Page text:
For me, what is most interesting is the gap that exists between resale and new home prices. It is something that I think that new home buyers should consider as when the new home buyers decides to one day sell their home, they are now competing in the resale market where the average price and demand is significantly less than that for the new build market.
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May 30, 2016
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skeet50 wrote:
Feb 11th, 2019 9:08 am
...
It is something that I think that new home buyers should consider as when the new home buyers decides to one day sell their home, they are now competing in the resale market where the average price and demand is significantly less than that for the new build market.
Maybe not in the present market.

In fall 2017, I started to look at resale houses around 400K. All the ones I could find around Barrhaven were old and needed a lot of love! I calculated I had to add at least 25K to replace some windows, shingles, garage door etc..)  and a bit more for floors, Kitchen cabinet and counter, paint ...etc....

Mattamy and Minto were offering new detached houses starting from 400K. After a few "necessary" upgrades, it ends up around 415-425K for a turnkey house. There are still some disadvantages like:
  • Takes at least a year to get delivered
  • Small land
  • Mutliple apointments...could be stressful for some but some people like me love it.

But if you can deal with these...It seems a better choice at the end
Deal Addict
Nov 11, 2004
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Ottawa
Dont you need to pay tax on a new build aswell?
Hello
Member
Jun 15, 2009
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Nepean
For rental, you get it back after 3-6 months of tenant moving in.
ilusa wrote:
Feb 11th, 2019 1:25 pm
Dont you need to pay tax on a new build aswell?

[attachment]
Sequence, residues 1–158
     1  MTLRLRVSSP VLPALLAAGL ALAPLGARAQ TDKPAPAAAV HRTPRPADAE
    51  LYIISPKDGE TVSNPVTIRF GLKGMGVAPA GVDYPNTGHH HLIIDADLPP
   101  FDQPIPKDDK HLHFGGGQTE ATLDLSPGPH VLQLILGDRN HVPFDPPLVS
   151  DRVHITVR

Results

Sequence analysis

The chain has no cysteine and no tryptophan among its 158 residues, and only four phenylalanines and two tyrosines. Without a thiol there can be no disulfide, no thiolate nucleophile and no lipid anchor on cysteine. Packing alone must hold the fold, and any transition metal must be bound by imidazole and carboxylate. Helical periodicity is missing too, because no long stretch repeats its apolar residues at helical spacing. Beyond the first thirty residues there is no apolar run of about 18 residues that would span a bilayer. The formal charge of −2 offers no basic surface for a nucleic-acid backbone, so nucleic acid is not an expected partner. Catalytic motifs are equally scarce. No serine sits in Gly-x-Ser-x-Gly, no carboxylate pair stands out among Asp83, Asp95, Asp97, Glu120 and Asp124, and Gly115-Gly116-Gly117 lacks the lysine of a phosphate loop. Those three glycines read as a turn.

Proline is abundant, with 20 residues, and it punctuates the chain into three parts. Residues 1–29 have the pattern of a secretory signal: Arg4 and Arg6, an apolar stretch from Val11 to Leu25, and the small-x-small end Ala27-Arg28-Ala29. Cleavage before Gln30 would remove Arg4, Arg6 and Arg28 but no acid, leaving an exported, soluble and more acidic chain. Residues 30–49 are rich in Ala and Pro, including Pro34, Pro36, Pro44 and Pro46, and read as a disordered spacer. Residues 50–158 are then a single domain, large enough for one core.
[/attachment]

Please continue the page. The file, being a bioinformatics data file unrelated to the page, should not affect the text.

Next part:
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Jul 4, 2004
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Ottawa
Superbobby wrote:
Feb 11th, 2019 1:11 pm
Maybe not in the present market.

In fall 2017, I started to look at resale houses around 400K. All the ones I could find around Barrhaven were old and needed a lot of love! I calculated I had to add at least 25K to replace some windows, shingles, garage door etc..)  and a bit more for floors, Kitchen cabinet and counter, paint ...etc....

Mattamy and Minto were offering new detached houses starting from 400K. After a few "necessary" upgrades, it ends up around 415-425K for a turnkey house. There are still some disadvantages like:
  • Takes at least a year to get delivered
  • Small land
  • Mutliple apointments...could be stressful for some but some people like me love it.

But if you can deal with these...It seems a better choice at the end
I would also add that with a new home you also may have to deal with build quality issues (pretty much everyone I know (myself included) had some quality problems that had to be dealt with the builder which can be a total pain), you might have to move in while construction in ongoing (e.g. neighbors is not built yet) and you don't benefits from add-ons that might be in a resale (fence, rain gutters, window coverings, automatic garage door opener(s), etc). A buyer that wants a pool might do much better buying a resale as they are one of those things that you often only get a fraction (if anything) back on resale (e.g. a pool and landscaping can easily cost $75k but you'd probably be lucky to get $25k back on closing and I think in many case, will get almost nothing for it).
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Jul 4, 2005